Looking for Love in All the Right Places - Pacific Standard

Looking for Love in All the Right Places

University-sponsored lust. Plus, six other Deadly Sins from the week's news.
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That clawfoot-bathtub couple from the Cialis ads might have been right about the getaway part, at least.

That clawfoot-bathtub couple from the Cialis ads might have been right about the getaway part, at least.

Lust

You can bring the spark back into your relationship with one simple online program. No, this isn’t a ploy by OKCupid, but the opinion of researchers at the University of New England in Australia. In their study, a hundred couples were randomly assigned to either a four-week online relationship excitement program or put on a waiting list. The program encouraged users to participate in shared activities for 90 minutes a week; those who engaged reported significantly higher levels of satisfaction and excitement in their relationships. In a follow-up four months later, the couples showed significantly higher levels of happiness than reported when they first began the trial. Researchers were impressed that a brief internet intervention could have such a strong influence—perhaps those seeking love online will turn to this sort of program instead of low-brow standbys like CanDoBetter.com  and the always amusing Sea Captain Date.

Gluttony

Bees are buzzing, and this time it’s from caffeine. While we may get a boost from a grande latte, honeybees consume caffeine from the nectars of citruses and, big surprise, coffee plants. Of the bees studied by Newcastle University, those with caffeine in their systems demonstrated an improved memory for floral scents for up to 72 hours. Researchers hope their work will prove to be more than a fun fact; an increased understanding of bee foraging may help address crashing bee populations.

Sloth

Tel Aviv University researchers report they have found a link between job burnout and the buildup of plaque in the coronary arteries. In their investigation, some 8,838 apparently healthy men and women between the ages of 19 and 67 were examined for an average of 3.4 years for both job burnout levels—feelings of physical, cognitive, and emotional exhaustion—and levels of coronary heart disease. Ninety-three new cases of CHD were identified in the follow-up, and those with burnout were 40 percent more likely to have CHD. “Those who were identified as being in the top 20 percent of the burnout scale were found to have a 79 percent increased risk of coronary disease,” the team found. Research leader Sharon Toker says these findings were more extreme than anticipated, and that job burnout may be a stronger predictor of coronary disease than “classical risk factors” such as smoking and blood lipid levels.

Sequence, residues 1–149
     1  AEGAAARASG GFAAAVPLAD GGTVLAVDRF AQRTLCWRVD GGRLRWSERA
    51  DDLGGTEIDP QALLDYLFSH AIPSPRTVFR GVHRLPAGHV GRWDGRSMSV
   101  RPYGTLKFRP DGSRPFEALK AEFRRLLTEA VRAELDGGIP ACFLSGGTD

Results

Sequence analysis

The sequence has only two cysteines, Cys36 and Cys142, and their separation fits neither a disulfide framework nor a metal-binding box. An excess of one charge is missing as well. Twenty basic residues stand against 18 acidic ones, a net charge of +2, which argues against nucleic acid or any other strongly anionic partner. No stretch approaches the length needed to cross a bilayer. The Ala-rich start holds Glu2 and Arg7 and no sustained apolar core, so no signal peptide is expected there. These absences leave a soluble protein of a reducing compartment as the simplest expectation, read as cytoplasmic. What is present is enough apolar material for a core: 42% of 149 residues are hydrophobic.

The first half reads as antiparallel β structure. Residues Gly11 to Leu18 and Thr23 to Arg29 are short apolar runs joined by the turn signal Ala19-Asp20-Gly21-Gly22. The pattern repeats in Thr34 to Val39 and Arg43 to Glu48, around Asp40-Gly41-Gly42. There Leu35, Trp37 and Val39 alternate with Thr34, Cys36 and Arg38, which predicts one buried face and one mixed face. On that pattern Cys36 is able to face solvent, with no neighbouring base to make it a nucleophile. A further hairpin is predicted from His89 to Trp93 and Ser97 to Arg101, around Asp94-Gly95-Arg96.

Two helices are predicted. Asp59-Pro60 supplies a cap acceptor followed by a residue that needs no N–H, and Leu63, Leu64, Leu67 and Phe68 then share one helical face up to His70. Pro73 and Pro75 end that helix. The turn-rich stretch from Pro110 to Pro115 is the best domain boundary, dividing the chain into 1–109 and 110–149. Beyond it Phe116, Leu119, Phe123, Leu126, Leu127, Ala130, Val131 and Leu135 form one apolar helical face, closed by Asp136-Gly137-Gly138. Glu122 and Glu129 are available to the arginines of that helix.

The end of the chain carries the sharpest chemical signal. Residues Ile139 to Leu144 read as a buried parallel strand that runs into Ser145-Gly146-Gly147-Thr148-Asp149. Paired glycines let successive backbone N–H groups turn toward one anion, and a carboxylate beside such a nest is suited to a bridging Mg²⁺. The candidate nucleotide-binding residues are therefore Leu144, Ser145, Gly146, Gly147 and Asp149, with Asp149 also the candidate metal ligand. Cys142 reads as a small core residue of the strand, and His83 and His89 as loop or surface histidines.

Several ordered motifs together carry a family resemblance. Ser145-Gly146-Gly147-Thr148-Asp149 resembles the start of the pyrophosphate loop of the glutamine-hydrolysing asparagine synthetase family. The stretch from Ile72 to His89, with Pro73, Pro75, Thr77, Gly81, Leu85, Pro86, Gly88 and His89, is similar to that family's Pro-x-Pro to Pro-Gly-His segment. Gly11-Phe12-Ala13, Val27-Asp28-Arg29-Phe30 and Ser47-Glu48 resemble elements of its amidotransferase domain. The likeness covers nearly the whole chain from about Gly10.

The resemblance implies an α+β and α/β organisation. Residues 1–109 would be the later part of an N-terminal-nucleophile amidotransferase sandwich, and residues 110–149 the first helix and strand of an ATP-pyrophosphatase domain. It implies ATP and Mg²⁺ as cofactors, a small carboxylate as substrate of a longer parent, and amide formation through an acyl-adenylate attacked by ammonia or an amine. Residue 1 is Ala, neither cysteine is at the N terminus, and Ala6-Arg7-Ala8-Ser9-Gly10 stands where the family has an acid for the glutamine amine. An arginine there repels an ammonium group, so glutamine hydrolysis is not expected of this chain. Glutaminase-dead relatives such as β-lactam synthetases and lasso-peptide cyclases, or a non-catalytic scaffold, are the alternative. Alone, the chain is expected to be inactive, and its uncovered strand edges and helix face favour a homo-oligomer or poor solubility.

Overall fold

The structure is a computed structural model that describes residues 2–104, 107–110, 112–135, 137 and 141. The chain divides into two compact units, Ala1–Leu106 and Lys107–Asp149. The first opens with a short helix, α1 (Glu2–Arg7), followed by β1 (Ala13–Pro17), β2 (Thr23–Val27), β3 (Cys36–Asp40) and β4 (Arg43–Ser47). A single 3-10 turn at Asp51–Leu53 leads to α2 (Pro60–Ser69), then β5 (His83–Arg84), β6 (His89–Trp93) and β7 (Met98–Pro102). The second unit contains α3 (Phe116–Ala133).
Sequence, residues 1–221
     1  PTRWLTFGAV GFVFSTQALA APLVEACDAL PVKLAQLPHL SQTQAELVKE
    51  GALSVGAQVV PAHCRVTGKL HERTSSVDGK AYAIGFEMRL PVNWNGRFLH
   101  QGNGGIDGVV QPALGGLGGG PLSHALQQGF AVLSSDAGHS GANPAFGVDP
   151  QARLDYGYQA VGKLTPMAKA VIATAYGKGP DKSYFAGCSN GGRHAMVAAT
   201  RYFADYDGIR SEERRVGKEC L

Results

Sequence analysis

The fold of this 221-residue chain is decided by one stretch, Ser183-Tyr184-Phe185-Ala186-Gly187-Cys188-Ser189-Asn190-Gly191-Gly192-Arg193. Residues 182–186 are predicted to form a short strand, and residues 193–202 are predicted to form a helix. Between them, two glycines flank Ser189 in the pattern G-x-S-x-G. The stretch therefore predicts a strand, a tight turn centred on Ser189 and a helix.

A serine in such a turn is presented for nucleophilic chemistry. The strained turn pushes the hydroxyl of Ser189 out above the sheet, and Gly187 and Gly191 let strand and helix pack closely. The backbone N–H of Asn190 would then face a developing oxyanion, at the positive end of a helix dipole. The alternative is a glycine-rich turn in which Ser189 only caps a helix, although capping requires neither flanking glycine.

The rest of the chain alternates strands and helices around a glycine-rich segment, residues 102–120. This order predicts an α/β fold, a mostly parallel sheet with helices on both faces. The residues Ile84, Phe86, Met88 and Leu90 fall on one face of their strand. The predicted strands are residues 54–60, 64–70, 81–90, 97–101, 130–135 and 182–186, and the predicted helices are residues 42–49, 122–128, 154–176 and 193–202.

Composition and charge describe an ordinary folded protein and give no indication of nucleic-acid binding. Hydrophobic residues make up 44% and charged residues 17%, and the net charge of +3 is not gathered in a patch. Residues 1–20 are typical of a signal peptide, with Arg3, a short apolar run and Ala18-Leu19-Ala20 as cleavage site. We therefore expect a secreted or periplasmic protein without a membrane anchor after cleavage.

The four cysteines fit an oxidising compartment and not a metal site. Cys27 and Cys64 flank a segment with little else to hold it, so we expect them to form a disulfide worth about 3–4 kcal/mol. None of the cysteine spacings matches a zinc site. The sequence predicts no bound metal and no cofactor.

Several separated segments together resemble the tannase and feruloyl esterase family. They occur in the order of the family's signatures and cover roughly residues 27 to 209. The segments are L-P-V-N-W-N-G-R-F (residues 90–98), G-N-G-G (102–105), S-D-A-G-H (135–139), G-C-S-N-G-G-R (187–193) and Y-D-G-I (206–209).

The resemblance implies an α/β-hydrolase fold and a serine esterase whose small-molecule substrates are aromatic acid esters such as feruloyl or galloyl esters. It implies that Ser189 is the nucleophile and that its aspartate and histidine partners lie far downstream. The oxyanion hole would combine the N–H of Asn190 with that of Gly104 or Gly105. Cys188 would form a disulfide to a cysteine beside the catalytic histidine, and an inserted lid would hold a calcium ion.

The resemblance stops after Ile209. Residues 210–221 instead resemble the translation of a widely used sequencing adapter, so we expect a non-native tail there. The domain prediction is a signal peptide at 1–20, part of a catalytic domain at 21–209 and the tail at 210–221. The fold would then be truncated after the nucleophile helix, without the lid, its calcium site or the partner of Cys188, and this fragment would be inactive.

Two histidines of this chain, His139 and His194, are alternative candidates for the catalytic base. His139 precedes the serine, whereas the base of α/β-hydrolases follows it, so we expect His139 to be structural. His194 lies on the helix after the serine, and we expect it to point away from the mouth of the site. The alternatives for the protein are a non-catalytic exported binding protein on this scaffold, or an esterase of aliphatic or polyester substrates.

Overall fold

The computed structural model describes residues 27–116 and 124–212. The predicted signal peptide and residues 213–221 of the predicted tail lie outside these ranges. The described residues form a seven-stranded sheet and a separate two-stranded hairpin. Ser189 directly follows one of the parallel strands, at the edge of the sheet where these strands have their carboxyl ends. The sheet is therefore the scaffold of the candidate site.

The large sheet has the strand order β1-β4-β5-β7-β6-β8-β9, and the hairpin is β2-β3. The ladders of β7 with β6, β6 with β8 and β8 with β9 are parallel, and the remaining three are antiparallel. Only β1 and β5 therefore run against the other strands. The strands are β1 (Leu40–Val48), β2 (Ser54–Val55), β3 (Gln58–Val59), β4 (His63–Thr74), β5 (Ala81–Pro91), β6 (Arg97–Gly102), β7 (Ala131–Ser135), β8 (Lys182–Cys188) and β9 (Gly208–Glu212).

Pride

With the introduction of the new Argentinian pontiff,  the 483 million Catholics of Latin America have cause for celebration. Pope Francis’ induction caused thousands of faithful followers to applaud and pray throughout the region—which has the largest number of Roman Catholics in the world—while the Los Angeles Times reports that some hope his influence will cause those who have left the church in Latin America to return.

Envy

Men who wish to get ahead in the social media game may envy their female counterparts. A University of Alabama study reports that women are more frequent users of “mediated communication”—social networking sites, e-mail, video calls, instant messaging, texting, and phone calls—and have surpassed guys in using text-based communication and being pleased with it. “Women and men were both equally likely to value email for its efficiencies and convenience,” the researchers state, “but women reported feeling more satisfied with the role email played in their life.” Specifically, women surveyed were more likely to be successful in maintaining relationships via the internet and using text-based interactions in a “more engaging way.” The findings are a bit surprising since the online world has long been considered  male-dominated. What emojis should I use to show my elation …?

Greed

NPR’s All Things Consideredreports that a “little-known jobs report” may change our opinions on the progress of American jobs creation. It’s called the Job Opening and Labor Turnover Survey, and the latest to be released states that 4.25 million people got new jobs in January. Yay! But wait, 4.1 million people also quit or got fired. Huh? This means every 1.6 seconds someone gained a job and someone else got booted out. As journalist Adam Davidson relays, this report is important in regards to understanding that the U.S. isn’t “a single economy that’s either doing well or doing badly” but rather “lots and lots of little economies, some which are coming back, and some which are struggling.” While construction added more jobs than it lost, manufacturing lost more jobs than it added. Overall progress is still a ways to go.

Wrath

Something you may not want to show your boss: a study recently published in the Journal of Neuroscience reveals that punishment and monetary rewards are equal as performance enhancers. Researchers asked participants whether a shape behind a blurry window was a person or something else, and then punished “incorrect” interpretations via cash penalties. Researchers found that the subjects’ performance and brain activity increased systematically as the amount of punishment increased.

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